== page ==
Chronicle

Seminar Series "Urban Ukraine"
November 20, 2012

Another Center for Urban History Seminar took place at 5 pm on November 20, 2012. The speaker was Tetiana Portnova, who gave a presentation, entitled "The Closed City of Open Space: Life in Dnipropetrovsk from 1950 through the 1980s". 

The seminar was dedicated to the peculiarities of the development of Soviet "special strategic significance" cities. Among Ukrainian cities, these were Sevastopol and Dnipropetrovsk. In the 1950s, the transformation of Dnipropetrovsk into one of the Soviet Union’s chief center for strategic rocket and spacecraft construction, changed the city’s status, social makeup, and atmosphere. The presence of top-importance "government objects" demanded special mechanisms for controlling secrecy: from 1959 through 1987, the city was closed to foreigners.  

The chief questions posed by the presenter were: how did the functioning of powerful secret state factories and enterprises affect the development of the city, and the daily life of its residents; what advantages did it bring, and what constraints did it impose on individuals, and ethnic or religious groups; can we postulate the emergence of a particular type of urban resident in these closed Soviet cities; how do Dnipropetrovsk residents today recall the time of isolation.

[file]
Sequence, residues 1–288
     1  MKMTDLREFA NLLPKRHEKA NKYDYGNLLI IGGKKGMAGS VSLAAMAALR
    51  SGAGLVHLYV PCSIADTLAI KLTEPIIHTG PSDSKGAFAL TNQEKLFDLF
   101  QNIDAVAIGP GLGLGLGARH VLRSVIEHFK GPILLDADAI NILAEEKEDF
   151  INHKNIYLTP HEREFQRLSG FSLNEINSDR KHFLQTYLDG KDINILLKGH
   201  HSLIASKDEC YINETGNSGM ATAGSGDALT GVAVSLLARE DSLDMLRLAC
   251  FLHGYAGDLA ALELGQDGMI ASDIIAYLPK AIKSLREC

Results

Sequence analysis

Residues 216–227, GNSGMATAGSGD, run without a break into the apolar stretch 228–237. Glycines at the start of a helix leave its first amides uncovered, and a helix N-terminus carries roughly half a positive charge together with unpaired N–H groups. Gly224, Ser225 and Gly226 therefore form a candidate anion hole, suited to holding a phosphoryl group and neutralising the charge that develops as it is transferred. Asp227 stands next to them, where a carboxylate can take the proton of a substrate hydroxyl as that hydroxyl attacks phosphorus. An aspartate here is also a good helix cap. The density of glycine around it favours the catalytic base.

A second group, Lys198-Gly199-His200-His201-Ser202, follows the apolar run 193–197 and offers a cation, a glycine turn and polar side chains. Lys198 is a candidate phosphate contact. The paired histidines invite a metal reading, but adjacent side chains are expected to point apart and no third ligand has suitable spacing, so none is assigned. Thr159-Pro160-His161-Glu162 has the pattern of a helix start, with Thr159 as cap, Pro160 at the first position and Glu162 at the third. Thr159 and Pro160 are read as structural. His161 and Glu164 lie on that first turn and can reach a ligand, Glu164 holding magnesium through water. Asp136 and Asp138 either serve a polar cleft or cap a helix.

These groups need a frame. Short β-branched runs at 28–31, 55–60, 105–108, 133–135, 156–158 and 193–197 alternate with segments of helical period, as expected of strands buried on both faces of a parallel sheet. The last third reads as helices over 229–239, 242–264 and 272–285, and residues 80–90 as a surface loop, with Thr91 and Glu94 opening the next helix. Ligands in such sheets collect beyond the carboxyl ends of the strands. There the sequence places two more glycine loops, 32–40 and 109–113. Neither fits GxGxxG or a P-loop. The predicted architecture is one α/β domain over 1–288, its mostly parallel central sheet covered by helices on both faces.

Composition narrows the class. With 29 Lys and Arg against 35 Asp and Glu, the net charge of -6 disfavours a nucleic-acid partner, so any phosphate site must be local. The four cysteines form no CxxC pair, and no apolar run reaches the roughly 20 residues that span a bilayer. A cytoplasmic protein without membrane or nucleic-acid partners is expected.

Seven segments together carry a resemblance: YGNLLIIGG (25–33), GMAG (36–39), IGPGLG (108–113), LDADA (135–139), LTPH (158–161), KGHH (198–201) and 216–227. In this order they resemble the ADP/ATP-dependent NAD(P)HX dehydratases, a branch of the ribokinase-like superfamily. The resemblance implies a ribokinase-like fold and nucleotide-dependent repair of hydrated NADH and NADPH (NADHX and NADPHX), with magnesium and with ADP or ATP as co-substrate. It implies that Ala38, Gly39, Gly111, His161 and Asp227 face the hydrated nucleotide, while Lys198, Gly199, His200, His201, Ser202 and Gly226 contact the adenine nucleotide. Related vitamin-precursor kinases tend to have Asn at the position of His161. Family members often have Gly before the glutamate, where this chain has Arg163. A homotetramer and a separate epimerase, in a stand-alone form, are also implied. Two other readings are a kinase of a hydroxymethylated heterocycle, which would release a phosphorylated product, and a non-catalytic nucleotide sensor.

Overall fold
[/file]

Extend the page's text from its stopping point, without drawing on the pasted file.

Tetiana Portnova holds a Ph. D. ("Candidate") in History, and is a lecturer at the Department for Historiography, source and archival studies, Oles Honchar Dnipropetrovsk National University. She is the author of Miske seredovysche i modernizatsiya: Katerynoslav seredyny XIX – pochatku XX st.” (The Urban Environment and Modernization: Katerynoslav in the mid-nineteenth through the Early Twentieth Centuries). Her research interests include intellectual history, and historical urban studies.